Asclepius: The Patron God of Doctors
Asclepius was the first doctor in the world according to Greek mythology, and the greatest of all time. A son of the healing god Apollo, he taught humans how to heal themselves.
Before Asclepius, the Greeks had no concept of medicine. As a heroic physician, he saved countless lives and improved the well-being of everyone in the world.
There were limits to how much the gods could allow one man to do, however. When Asclepius went too far and brought the dead back to life, he was punished harshly for breaking the laws of nature and infringing on the domain of the gods.
From his early days as a student of the gods to his eventual worship as an Olympian himself, here is the full story of Asclepius, the man who brought medicine to the world!
Asclepius was the son of Apollo and a mortal woman, most often named as Coronis.
When Coronis was pregnant with Apollo’s child, she had an affair with a mortal man named Ischys. When a white raven told the god of his lover’s infidelity, his anger was so great that it scorched the bird black, a color it retained ever since.
Apollo killed Ischys for the offense but did not lay the blame on Coronis.
Artemis was less forgiving, however. Apollo’s twin sister killed Coronis herself for betraying her brother.
The goddess prepared a funeral pyre, but had not yet lit the fire when Apollo rushed to the site. He cut out Coronis’s unborn child to save him from death as well.
Later traditions from Delphi claimed that Coronis had not been killed. She gave birth in the temple of Apollo there, with the god using his divine healing skills to ease her labor pains.
Apollo kept the child and mourned his involvement in the mother’s death. Unlike many children of the gods, the young Asclepius was raised for a time in his divine father’s household.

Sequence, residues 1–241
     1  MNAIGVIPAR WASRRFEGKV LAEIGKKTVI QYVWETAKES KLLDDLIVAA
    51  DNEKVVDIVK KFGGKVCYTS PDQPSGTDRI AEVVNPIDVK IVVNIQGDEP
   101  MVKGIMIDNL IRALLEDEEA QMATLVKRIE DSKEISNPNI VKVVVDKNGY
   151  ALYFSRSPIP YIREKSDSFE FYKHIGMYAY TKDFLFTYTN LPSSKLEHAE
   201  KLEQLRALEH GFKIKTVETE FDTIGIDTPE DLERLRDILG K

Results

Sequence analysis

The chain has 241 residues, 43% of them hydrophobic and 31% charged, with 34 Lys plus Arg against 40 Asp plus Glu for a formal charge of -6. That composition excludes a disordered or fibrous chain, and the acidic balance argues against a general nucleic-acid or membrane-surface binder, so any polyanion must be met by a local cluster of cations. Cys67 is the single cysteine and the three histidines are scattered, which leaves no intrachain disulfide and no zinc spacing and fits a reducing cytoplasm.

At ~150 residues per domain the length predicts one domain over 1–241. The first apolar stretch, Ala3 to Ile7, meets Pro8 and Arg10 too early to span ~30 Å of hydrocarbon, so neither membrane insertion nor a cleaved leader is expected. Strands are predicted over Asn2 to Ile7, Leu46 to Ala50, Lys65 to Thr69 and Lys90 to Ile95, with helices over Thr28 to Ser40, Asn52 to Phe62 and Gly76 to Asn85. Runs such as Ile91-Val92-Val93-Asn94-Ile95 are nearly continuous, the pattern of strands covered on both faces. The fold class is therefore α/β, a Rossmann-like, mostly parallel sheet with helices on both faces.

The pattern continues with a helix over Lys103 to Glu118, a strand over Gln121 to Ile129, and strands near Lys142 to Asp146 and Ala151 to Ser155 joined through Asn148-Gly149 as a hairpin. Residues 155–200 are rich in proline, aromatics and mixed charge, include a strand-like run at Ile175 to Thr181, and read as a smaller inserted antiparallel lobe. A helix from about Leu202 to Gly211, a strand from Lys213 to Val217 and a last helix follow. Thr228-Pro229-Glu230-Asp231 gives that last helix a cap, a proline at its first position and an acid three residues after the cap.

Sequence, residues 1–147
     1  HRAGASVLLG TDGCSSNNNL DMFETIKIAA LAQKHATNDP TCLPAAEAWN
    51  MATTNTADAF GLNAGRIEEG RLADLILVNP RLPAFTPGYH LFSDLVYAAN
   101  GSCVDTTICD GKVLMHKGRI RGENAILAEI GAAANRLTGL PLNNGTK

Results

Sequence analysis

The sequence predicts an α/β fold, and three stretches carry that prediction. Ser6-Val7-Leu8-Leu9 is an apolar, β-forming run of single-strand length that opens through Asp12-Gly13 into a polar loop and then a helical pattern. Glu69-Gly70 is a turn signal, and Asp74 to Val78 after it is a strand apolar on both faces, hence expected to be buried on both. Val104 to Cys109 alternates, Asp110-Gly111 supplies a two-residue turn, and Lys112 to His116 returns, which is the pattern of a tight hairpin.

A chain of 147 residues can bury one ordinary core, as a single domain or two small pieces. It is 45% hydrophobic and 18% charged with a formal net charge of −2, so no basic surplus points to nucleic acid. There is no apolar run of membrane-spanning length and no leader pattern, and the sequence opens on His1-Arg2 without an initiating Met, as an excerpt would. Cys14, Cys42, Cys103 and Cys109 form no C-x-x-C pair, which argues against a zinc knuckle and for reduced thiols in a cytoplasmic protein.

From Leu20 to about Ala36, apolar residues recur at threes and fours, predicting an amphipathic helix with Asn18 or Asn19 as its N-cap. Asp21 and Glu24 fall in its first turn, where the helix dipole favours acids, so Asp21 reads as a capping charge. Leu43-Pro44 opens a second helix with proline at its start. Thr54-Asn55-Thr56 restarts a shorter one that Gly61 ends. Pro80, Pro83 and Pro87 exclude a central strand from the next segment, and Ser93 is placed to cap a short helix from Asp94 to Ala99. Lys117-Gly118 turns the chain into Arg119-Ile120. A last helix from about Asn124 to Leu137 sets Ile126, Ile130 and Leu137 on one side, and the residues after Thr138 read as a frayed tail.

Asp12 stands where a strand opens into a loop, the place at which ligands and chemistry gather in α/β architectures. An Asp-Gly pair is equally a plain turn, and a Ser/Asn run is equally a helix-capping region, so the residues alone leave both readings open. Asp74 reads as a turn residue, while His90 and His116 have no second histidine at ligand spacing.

Apollo was the god of many things, and one of his major functions was as the god of healing. He taught his young son the fundamentals of healing.
When he reached the age to begin his formal education, Asclepius again found himself in the hands of a master of medicine. The wise centaur Chiron was his tutor in many subjects, including the use of medicine and the basics of surgery.
Asclepius was the first human to learn healing from Apollo and Chiron. Under the centaur’s tutelage, he learned how to dress wounds, set broken bones, make salves from herbs, and treat the many diseases that plagued mankind.
When he reached adulthood, Asclepius left the care of Apollo and Chiron and made his own way in the world. Having learned from both the god of healing and the centaur physician, his knowledge of medicine was the greatest in the world.
At the time, humans had few choices for the treatment of disease and injury. Those who could reach Chiron for care were fortunate, but most had little option but to pray for Apollo’s intervention.
Asclepius was the first human to possess knowledge of medicine. He was the world’s first physician and travelled throughout Greece to ply his trade.
The doctor accompanied many of the most famous heroes of Greece, both as a heroic figure himself and presumably to act as their physician in case of injury. Various sources name him among the members of the hunting party that tracked the Calydonian Boar and as one of Jason’s crew aboard the Argo.
As he traveled, he learned even more about medicine. He discovered new uses for herbs and was the innovator of using venom itself to reverse the effects of a snakebite.
He also perfected, or according to some invented, the use of splints to ensure that a broken bone healed properly.
The first physician soon gained a reputation for restoring health to people that were considered hopelessly ill. Rumors spread that these people were so close to death that Asclepius must have had power over life and death to keep them from passing on.
One story even said that Hades asked his brother Zeus to intervene in the doctor’s amazing work. The number of souls going to his realm had decreased so sharply thanks to the healing skills of Asclepius that Hades feared the underworld would eventually cease to receive new souls entirely.